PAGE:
Pronounced religion- and patronage-based structures, which cause losses of efficiency in administration and economic allocation, as well as corruption and social fragmentation, are also problematic. The social fragmentation is intensified by large regional and social disparities. The fault lines of conflict run between the winners and the losers of reconstruction, between the proponents and opponents of the Syrian presence, and between the old and new elites. One problem that should not be underestimated, which affects all efforts to shape policy, is the lack of statistical information.
Because basic demographic data are not collected (for political reasons), the government, civil society and the private sector lack a reliable basis for planning.
5.2 Reliable pursuit of goals
The government is pursuing a consistent and coherent reform policy that gives absolute priority to economic growth. The policy is realistic with respect to the capacities available, the expectations and the time horizon, but the goals and means selected are not always effective. Showing reliability in achieving goals, and thus gaining the domestic private sector’s and foreign investors’ confidence in Lebanese economic policy, are government policy priorities. This is also the idea behind the implementation of “Horizon 2000,” a 10-year development plan that began in 1993 and is aimed at rebuilding the capital city, Beirut.
But Lebanon’s political situation sometimes demands decisions that are contrary to reform. For instance, the continued dispute with Israel over the Sheeba farms and the government’s refusal to secure the border with its own soldiers contradict the economic aim of bringing international investors into Lebanon.
5.3 Effective use of resources
The available resources are not used as efficiently as they could be. The lack of a solid basis of data results in planning uncertainties. The patronage-based structures within the government and within public administration often result in inefficient allocation of resources. For instance, appointments are often politically motivated rather than based on ability or competence, and resources are often allocated based on the system of proportional representation instead of equally and purposefully. Patronage and corruption are closely intertwined. It is estimated that between 20 % and 30 % of reconstruction monies were illegally privatized in one way or another.
The fight against corruption has so far been unsuccessful, although civic groups and the political opposition as well as the government itself view it as one of the fundamental problems facing the country. The authorities and laws to fight bureaucratic corruption exist, but the bloated administration is scarcely willing to cooperate. Sentences are rarely handed down for corruption, and an existing law on the disclosure of government representatives’ financial circumstances has never been enforced.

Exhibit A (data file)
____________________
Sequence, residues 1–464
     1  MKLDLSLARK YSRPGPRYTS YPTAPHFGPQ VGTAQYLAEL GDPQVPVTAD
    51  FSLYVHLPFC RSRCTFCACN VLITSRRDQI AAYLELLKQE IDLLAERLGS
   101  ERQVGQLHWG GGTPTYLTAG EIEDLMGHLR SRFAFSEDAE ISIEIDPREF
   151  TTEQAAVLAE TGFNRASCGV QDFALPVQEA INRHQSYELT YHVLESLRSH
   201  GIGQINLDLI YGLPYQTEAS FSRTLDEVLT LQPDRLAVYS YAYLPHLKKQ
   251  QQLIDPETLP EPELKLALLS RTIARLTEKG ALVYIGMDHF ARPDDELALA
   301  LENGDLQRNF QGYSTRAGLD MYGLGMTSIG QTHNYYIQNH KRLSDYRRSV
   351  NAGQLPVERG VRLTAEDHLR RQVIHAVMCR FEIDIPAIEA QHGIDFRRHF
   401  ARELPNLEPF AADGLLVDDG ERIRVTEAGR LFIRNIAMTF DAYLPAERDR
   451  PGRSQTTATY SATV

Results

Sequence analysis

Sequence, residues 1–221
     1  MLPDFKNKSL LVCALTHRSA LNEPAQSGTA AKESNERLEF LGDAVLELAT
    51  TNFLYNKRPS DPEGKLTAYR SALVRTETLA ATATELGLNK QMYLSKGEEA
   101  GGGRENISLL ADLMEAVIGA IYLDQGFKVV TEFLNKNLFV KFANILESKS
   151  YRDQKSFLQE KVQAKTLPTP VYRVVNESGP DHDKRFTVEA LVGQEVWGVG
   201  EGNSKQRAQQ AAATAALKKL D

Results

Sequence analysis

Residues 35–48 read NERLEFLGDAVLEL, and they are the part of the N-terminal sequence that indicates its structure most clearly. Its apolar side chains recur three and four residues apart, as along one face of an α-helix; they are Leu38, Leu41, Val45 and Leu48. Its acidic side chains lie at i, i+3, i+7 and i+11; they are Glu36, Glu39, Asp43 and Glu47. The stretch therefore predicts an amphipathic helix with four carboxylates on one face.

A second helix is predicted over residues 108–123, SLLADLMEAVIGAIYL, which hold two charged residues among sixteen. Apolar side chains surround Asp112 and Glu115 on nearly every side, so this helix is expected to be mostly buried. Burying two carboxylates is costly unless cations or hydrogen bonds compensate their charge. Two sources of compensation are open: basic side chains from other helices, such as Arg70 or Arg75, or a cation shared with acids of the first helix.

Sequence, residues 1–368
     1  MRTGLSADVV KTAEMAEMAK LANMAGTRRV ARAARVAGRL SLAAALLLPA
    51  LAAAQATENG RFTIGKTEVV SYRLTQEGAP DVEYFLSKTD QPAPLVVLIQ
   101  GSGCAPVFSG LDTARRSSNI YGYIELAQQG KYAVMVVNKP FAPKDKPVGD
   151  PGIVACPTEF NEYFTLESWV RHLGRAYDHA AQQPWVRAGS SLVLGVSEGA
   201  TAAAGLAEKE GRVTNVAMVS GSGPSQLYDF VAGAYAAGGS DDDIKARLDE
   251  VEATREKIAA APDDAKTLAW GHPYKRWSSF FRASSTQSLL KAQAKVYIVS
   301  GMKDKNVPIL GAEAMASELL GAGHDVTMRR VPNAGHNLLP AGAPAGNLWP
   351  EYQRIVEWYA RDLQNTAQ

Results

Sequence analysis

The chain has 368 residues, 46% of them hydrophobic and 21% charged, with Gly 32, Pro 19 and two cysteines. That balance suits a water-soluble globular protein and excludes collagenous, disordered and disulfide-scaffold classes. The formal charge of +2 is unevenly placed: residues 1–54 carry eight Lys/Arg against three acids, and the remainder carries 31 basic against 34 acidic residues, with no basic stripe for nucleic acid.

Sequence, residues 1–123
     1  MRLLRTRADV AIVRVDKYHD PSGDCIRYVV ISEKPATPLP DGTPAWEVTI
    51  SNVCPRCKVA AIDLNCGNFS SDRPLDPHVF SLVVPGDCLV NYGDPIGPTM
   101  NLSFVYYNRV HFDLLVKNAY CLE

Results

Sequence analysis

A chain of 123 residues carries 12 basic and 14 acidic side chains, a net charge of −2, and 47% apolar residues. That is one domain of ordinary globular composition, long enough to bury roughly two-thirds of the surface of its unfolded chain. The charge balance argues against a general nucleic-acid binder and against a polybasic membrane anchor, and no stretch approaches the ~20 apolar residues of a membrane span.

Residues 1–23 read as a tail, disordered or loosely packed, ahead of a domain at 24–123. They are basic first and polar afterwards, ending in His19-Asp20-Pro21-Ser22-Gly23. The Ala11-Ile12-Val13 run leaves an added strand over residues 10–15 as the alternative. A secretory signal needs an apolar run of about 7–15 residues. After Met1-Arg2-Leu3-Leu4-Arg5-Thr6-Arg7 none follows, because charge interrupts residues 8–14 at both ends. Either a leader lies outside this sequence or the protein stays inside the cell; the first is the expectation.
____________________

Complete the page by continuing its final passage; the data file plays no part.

In other respects, too, the government has only managed to realize part of the reform plans it has announced. For instance, the planned decentralization has hardly been achieved. Public administration is still extremely concentrated in the capital. The critical budget situation also hardly improved during the period of this study although this had been one of the government’s goals. On the other hand, the introduction of a 10 % value-added tax in 2002 deserves to be recognized as a positive step. In 2002 alone, the new tax brought the government $660 million in revenues. Shortcomings remain in the public services, particularly in the social infrastructure and the educational system.
5.4 Governance capability
Policy-makers certainly recognize the main problems facing Lebanon’s economic and democratic development and have focused policy goals on resolving them. In terms of economic policy, the government has the authority and the means with which to tackle and implement reforms—even though external and internal circumstances limit their effectiveness and efficiency. The creation of stable growth over the long term is the top priority that governs all Lebanese economic policy, but the strategies that have been chosen to pursue this aim have many severe weaknesses. There is no targeted program to promote domestic industry and, thus, allow it to fulfill its intended role as the engine for Lebanon’s growth.